Jobsite's usually nimble troupe sucks the life out of Night of the Living Dead.

click to enlarge LET THE RIGHT ONE IN: Kari Goetz and Matt Lunsford fight off some unwelcome guests. - Dave Pritchard
Dave Pritchard
LET THE RIGHT ONE IN: Kari Goetz and Matt Lunsford fight off some unwelcome guests.

There were arguably two ways to go with a stage version of the 1968 cult-film classic Night of the Living Dead: play it straight, for chills and thrills, or play it for laughs, as a sort of inspired Charles Ludlam-like parody. Jobsite tries for both, and succeeds at neither. There are a few good moments — a couple of graphically gory shockers, some silly combats, and all the much-too-short scenes involving Jason Vaughan Evans — but in general this is a sloppy, flaccidly directed yawner that's short on invention and memorable acting and way too faithful to Lori Allen Ohm's tiresomely repetitive script. In its 75 minutes, it offers about 30 seconds of real hilarity and even fewer moments of genuine suspense.

The play begins with Barbara (Kari Goetz) and Johnny (Matthew Lunsford), siblings who've come to a cemetery in order to place a wreath on their father's grave. They're rudely interrupted by a zombie (Evans) who struggles with Johnny, leaving Barbara to escape to a house in the vicinity. There she tries to call for help, but her cellphone's not working, and the blood she sees on her hand seemingly sends her into shock. A rescuer arrives: Ben (Dayton Sinkia), a forward-thinking good guy who helps her fight off more ghouls and then proceeds to board up the visible doors and windows with a few unconvincing planks. Ben tells Barbara that zombies are all over the place, that he saw one group pursuing a gasoline truck, and another surrounding a diner. They turn on TV, and a newscaster (Steve Garland) informs them that the eastern part of the U.S. has become the scene of "unexplained mass murder," and there are even reports of strange beings partially devouring their victims.

Matters become more complicated when Ben discovers a whole family hiding in the house's cellar, and a tedious argument begins as to whether it's best to return down there or stay up here. As Ben and Mr. Cooper (Alvin Jenkins) thrash it out, the TV news becomes more informative: unburied dead people are coming to life everywhere; there may be a connection with a space probe to Venus; and it's imperative that all newly dead bodies be immediately cremated. None of this is too helpful to Barbara, Ben and the Coopers, though: their problem is a group of flesh-eating zombies right outside the house, moaning more and more loudly as they try to fight their way in. Who will win? At what cost? And when will things get really gory?

Now, if author Ohm were witty and wise, this plot might provide the backbone of a delightful evening of comedy, literary and visual, with more fun to be had with consciously satirical acting. But there's virtually no literary interest to the script, no memorable phrases or wonderfully silly assertions. Instead, the text of the play is tepidly straightforward, telling us what we need to know in the most obvious and uninteresting ways.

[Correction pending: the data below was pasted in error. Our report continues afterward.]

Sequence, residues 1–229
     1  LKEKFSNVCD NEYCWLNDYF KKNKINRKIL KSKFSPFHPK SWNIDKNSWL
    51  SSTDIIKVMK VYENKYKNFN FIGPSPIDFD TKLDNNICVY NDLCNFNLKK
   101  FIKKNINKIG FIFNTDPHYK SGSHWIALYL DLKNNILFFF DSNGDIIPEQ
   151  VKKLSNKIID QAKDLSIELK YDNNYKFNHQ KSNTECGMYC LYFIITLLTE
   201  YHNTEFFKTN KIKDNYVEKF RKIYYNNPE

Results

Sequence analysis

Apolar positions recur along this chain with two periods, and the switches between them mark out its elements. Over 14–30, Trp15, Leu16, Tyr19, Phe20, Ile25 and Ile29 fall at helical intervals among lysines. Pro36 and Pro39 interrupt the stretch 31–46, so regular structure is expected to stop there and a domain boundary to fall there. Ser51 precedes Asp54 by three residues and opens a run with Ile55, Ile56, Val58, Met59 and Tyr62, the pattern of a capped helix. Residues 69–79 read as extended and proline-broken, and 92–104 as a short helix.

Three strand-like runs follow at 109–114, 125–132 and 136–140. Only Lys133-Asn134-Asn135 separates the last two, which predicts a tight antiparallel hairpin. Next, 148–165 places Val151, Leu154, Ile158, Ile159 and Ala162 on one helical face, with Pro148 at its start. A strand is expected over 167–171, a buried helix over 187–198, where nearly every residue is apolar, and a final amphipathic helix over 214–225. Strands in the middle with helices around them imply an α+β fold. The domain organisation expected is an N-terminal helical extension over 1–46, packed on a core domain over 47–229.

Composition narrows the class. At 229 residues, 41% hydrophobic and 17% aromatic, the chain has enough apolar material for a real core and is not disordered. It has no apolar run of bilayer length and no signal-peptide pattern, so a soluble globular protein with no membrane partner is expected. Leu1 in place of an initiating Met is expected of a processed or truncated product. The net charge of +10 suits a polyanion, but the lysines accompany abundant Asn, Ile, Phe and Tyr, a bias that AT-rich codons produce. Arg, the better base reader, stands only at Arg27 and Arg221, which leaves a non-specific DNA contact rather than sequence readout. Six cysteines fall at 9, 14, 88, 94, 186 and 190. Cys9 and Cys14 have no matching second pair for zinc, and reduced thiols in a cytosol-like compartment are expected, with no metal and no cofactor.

Nor is most of the acting sufficiently ironic to stimulate our laughter. There are three exceptions: Evans, again, who's hilariously extreme, both as a ghoul and a police chief; Goetz, whose enactment of horrified innocence is terrifically excessive; and Lunsford, who seems to recognize instinctively what's ludicrous about Johnny. But after the first minutes of the play, Goetz has almost no lines, and Lunsford basically disappears after his early tussle with Evans.

Meanwhile, the two characters with the most stage time — Sinkia as Ben and Jenkins as Cooper — play their parts with a strict realism that punctures every comic opportunity. Director Chris Holcom is too faithful to Ohm's anemic text, letting the talented Garland, for example, play newscaster Russell Streiner without parodic distance, when a little bit of satire would have gone a long way.

Brian Smallheer's set, representing a thinkable living room, is all too unimaginative, but Katrina Stevenson's costumes, especially for the zombies, are just as ridiculous as they ought to be. Even if the set's not much, this is a fun show to look at when those irrepressible ghouls come into view.

There is a surprise at the end of Night of the Living Dead, and, don't worry, I'm not going to reveal it here. But I will say this much: director Holcom has his cast break the fourth wall entirely, presents us with something purely theatrical and not a bit "credible" or realistic. And it works — the night I saw the play, the audience (myself included) loved it. That's what this show needs, not just at the end but throughout: a radical departure from convention. It's realism that sinks this production; more imagination could have saved it. Even the living dead need a shot of pure fancy sometimes.

night of the living dead, jobsite theater, tampa bay performing arts center, horror, halloween, jason vaughan evans, kari goetz, matthew lunsford, chris holcom, mark e leib

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